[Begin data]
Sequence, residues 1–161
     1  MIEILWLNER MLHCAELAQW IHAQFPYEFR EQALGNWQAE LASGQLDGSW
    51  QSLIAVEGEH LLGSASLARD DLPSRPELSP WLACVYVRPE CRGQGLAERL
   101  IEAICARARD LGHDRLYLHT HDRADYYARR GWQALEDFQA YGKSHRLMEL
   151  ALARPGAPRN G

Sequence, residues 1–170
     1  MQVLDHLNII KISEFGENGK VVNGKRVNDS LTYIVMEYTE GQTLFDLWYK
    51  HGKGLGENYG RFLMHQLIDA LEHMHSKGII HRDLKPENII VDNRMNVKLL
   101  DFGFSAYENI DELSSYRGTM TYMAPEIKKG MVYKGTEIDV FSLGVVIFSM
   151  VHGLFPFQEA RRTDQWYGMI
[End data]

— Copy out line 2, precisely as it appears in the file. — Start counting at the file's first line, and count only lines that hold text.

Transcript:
     1  MIEILWLNER MLHCAELAQW IHAQFPYEFR EQALGNWQAE LASGQLDGSW